JOYFUL GRATITUDE #165
I’m grateful for the blue sky and winter sun, perfect weather for sitting peacefully by the water, without haste. A flock of white geese paddle by, as the sun warms my face. The willow branches sway in the wind. Two moorhens putter about by the shore, before diving into the water repeatedly and snacking with gusto on their catch. When a large boat passes by, the water brushes up on the rocks in small waves. It’s so grounding to be focused on these simple scenes that often escape my attention.
JOYFUL GRATITUDE #164
In January, I’ve been lucky to borrow several unputdownable books from the library. I am grateful to live in Amsterdam, a city with such a well-stocked public library, which means all these amazing books are easily accessible.
Winter is perfect for going to bed early and having the luxury of reading in peace after a busy day. I love the feeling of being in the middle of a great book and not being able to wait to dive back into it and find out what happens. I relish being drawn into new experiences and seeing the world through different characters’ eyes for a while. As a novice writer, I am in awe of the authors’ craft and hope to soak up their expert story-telling techniques and absorb their beautiful way with words.
JOYFUL GRATITUDE #162
I am grateful for the good times with my friends based here in the Netherlands. As I don’t live in the same country as my close family, I appreciate how vital it is to be surrounded by people who I can really connect with and be myself around:) I hope these first weeks of 2020 set the tone for the rest of the decade.
We’ve had the chance to spend quality time exploring the Veluwe, inspiring each other, chatting about our hopes and intentions for the new year and making collage dream boards, having good laughs, watching a great documentary and sharing our thoughts about it afterwards until we got kicked out of the room, motivating one another to go for lunch walks together to refresh our minds amidst busy work meetings… I feel blessed to have such wonderful people by my side to make the days a little sweeter!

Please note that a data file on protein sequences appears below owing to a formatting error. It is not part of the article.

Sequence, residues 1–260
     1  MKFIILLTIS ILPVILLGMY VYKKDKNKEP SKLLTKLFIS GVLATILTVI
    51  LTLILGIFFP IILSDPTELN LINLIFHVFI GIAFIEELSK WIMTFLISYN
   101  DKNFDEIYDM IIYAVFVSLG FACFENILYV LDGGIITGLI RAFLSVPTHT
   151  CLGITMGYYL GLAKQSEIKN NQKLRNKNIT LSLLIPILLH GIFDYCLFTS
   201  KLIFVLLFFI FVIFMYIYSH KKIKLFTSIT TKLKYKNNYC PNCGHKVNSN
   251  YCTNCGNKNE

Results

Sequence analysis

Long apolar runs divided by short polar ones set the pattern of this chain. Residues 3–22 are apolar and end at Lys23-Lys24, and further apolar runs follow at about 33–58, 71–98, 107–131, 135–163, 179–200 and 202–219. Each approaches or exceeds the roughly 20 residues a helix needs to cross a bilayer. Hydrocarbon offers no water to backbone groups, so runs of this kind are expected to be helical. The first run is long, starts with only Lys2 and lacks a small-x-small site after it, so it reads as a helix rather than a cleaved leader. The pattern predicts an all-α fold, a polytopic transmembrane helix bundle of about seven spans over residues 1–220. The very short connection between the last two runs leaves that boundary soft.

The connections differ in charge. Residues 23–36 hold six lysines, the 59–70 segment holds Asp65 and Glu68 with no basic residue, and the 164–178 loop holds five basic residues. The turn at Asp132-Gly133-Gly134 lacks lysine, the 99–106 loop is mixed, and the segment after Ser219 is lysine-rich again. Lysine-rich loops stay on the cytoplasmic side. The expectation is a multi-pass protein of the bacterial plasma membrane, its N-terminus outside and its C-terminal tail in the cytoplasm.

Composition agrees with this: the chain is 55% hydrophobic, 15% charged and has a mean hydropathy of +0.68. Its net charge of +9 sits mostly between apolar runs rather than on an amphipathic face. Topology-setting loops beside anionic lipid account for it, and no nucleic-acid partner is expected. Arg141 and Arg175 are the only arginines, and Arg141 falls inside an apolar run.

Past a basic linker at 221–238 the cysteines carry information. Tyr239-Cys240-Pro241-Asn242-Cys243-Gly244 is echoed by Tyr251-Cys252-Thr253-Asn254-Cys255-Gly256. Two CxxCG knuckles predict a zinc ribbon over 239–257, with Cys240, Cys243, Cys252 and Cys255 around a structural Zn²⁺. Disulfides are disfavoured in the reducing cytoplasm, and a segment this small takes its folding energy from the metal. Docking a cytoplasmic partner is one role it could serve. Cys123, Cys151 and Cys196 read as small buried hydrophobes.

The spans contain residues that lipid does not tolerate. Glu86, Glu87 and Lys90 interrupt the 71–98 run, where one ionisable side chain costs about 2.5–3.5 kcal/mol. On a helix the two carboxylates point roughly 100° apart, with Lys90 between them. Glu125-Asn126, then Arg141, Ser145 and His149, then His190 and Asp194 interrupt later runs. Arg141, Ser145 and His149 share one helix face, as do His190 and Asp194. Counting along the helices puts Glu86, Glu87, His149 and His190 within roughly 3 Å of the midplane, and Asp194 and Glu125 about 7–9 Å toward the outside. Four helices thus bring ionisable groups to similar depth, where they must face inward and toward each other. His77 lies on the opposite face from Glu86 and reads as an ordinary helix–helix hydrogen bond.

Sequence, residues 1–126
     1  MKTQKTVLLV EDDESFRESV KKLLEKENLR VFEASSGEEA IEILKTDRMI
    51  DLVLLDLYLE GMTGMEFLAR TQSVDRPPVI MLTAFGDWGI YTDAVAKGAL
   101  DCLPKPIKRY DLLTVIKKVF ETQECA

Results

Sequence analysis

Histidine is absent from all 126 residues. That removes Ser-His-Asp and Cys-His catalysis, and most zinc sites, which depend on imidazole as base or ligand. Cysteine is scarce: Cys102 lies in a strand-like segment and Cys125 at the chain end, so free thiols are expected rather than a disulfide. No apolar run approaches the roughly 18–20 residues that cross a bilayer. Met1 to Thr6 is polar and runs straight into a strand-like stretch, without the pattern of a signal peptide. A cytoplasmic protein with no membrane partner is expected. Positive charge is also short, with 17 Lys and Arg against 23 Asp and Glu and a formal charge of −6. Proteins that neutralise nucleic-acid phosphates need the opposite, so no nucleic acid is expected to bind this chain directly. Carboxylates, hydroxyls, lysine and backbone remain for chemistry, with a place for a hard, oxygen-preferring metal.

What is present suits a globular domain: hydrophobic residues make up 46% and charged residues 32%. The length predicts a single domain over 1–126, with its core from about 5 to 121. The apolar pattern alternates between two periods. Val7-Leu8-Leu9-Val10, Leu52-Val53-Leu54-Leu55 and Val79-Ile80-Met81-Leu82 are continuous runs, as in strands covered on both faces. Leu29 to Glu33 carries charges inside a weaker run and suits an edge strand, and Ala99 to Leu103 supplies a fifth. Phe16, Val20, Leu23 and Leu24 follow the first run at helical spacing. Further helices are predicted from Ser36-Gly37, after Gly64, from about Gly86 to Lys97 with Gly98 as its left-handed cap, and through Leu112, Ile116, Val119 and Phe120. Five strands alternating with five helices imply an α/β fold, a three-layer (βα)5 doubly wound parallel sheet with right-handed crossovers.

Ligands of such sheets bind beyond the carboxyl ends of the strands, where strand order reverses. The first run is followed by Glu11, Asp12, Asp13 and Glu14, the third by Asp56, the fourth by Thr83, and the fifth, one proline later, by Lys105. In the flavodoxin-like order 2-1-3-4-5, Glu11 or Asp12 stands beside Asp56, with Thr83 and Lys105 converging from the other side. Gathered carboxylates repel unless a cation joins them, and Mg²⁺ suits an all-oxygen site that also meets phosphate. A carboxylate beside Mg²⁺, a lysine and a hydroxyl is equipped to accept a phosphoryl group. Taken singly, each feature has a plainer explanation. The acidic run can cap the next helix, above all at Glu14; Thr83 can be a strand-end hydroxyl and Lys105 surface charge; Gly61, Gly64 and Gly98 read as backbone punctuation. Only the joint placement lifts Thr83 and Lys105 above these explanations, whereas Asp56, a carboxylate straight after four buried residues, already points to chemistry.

JOYFUL GRATITUDE #161
Yesterday evening I sat down to write a letter. Though I do regularly send postcards, taking the time to write a proper letter made me realise how rarely I do so. I was writing in response to a letter from a dear friend, written a couple of months ago. Her familiar hand-writing covering several pages of lined paper, bringing me her thoughts and fragments of her life from the other side of the globe. A physical letter that I have pulled out, unfolded and re-read since I received it, thinking of my friend, taking the time to contemplate what I’d like to answer and tell her about, the questions I want to ask her…
So yesterday alone in the quiet of my flat, I finally took out some recycled paper and my favorite pen, and got writing. About banal things, how the holidays had been, what I’ve been up to recently and what is on my mind of late… The pages filled up quickly, thoughts flowing and getting more personal as I scribbled them down. I ended up with a neat pile of numbered pages, slipped tightly into an envelope which will make its way across the world.
I love that letters don’t demand an immediate reading or a fast answer. They can stray in the limbo of the postal system. By the time my words arrive, a couple of weeks will have passed, new events will have unfolded, thoughts will have evolved. The snippets of my life contained in the letter will be about an earlier-me, and penning the thoughts helped me to figure out what they meant to me at the time.
JOYFUL GRATITUDE #156